MEXICAN FOODS by Ecem Demirtay
Real Mexican food is quite unlike the dishes found in most Mexican and Tex-Mex restaurants in other countries. Mexican cuisine has some superb rich or spicy dishes
Mexican cuisine is a style of food that originates in Mexico. It is known for its varied flavors, colorful decoration, and variety of spices and ingredients, many of which are native to the country. The cuisine of Mexico has evolved through the centuries through a blending of indigenous (used for thousands of years) and European elements since the 16th century. On November 2010 Mexican cuisine was added by UNESCO to its lists of the world's "intangible cultural heritage".

The staples of Mexican cuisine are typically corn and beans. Corn, traditionally Mexico's staple grain, is eaten fresh, on the cob, and as a component of a number of dishes. Most corn, however, is used to make masa, a dough for tamales, tortillas, gorditas, and many other corn-based foods. Squash and peppers
also play important roles in Mexican cuisine.

The most important and frequently used spices in Mexican cuisine are Chile powder, oregano, cilantro, epazote, cinnamon, and cocoa. Chipotle, a smoke-dried jalapeño chili, is also common in Mexican cuisine. Many Mexican dishes also contain garlic and onions.
Next to corn, rice is the most common grain in Mexican cuisine. According to food writer Karen Hursh Graber, the initial introduction of rice to Spain from North Africa in the 4th century led to the Spanish introduction of rice into Mexico at the port of Veracruz in the 1520s. This, Graber says, created one of the earliest instances of the world's greatest fusion cuisines.
Mexican Recipes and Mexican Food Recipes by Don Miguel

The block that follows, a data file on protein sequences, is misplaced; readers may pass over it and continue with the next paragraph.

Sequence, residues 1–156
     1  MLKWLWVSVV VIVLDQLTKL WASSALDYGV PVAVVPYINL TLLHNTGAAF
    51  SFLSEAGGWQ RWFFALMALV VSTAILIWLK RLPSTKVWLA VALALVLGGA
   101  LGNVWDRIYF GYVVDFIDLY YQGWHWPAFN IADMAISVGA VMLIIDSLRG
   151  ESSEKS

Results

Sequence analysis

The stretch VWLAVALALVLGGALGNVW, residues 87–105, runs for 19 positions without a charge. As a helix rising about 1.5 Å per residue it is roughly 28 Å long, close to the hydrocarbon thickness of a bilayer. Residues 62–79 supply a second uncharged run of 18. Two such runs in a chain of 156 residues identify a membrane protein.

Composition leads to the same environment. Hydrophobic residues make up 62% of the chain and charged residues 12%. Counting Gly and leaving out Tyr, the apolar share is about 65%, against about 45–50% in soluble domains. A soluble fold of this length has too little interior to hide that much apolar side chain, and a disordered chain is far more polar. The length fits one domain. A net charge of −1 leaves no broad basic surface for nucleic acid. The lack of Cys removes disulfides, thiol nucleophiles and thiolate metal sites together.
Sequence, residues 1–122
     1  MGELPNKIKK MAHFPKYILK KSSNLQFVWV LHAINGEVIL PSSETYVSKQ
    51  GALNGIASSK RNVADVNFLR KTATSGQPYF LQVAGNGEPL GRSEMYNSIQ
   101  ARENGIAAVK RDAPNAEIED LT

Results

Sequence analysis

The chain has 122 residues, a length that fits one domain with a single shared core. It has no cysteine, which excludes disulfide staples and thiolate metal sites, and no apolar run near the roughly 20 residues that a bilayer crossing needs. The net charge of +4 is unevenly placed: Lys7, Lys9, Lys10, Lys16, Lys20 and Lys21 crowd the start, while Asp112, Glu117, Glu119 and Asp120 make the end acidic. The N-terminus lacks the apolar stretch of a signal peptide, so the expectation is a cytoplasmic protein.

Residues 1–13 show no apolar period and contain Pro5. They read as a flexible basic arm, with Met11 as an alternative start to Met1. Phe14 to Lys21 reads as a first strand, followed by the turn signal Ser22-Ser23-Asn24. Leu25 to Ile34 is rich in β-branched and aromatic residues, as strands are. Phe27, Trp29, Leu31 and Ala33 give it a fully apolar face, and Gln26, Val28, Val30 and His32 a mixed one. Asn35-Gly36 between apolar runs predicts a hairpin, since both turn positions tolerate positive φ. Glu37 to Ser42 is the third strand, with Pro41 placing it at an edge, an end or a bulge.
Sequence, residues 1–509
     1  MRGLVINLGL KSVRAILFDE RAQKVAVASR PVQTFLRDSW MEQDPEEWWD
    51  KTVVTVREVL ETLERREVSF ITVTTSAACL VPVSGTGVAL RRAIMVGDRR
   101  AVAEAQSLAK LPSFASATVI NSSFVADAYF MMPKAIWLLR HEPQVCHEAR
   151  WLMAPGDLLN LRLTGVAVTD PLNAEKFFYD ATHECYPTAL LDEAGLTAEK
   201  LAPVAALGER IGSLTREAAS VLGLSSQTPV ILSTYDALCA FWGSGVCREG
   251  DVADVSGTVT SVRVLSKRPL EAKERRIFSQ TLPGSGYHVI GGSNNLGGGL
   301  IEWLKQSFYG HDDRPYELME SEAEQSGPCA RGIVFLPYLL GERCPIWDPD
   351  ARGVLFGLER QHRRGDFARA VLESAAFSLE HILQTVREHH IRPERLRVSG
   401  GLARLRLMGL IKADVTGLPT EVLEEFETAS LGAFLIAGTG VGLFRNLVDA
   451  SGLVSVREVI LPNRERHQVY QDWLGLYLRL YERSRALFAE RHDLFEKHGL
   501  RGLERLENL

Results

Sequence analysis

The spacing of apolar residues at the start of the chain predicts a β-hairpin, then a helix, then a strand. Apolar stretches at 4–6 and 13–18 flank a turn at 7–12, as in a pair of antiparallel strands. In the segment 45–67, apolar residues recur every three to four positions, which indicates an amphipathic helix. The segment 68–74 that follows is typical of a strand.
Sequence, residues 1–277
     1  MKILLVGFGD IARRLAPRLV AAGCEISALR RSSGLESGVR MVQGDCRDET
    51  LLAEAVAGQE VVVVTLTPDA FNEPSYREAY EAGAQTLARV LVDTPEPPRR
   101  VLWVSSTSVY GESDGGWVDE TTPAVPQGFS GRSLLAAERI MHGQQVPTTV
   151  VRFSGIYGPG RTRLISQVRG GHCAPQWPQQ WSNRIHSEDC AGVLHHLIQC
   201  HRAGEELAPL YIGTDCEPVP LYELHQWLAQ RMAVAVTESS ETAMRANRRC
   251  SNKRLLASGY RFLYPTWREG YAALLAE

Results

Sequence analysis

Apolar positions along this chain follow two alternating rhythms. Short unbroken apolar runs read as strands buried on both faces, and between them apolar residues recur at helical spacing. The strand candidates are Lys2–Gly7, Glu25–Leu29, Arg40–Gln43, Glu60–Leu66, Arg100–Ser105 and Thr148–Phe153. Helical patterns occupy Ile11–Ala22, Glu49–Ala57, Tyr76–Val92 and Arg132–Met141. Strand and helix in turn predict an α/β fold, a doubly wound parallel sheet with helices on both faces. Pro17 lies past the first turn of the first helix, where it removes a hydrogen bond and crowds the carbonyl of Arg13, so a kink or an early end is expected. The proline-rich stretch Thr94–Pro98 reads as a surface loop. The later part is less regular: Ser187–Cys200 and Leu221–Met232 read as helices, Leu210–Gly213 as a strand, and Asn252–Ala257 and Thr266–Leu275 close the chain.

Mexican Recipes and Mexican Food Recipes by Don Miguel


Chocolate played an important part in the history of Mexican cuisine. The word "chocolate" originates in Mexico's Aztec cuisine, derived from the Nahuatl word xocolatl. Chocolate was first drunk rather than eaten. It was used as currency and for religious rituals. In the past, the Maya civilization grew cacao trees and used the cacao seeds it produced to make a frothy, bitter drink.[ The drink, called xocoatl, was often flavored with vanilla, chili pepper, and achiote (also known as annatto).Chocolate was also an important luxury good throughout pre-Columbian Mesoamerica, and cacao beans were often used as currency.For example, the Aztecs used a system in which one turkey cost one hundred cacao beans and one fresh avocado was worth three beans;[ and all of the areas that were conquered by the Aztecs that grew cacao beans were ordered to pay them as a tax, or as the Aztecs called it, a "tribute".[ Today chocolate is used in a wide array of Mexican foods, from savory dishes such as mole to traditional Mexican style hot chocolate and champurrados, both of which are prepared with a molinillo.

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Mexican-style drinking chocolate.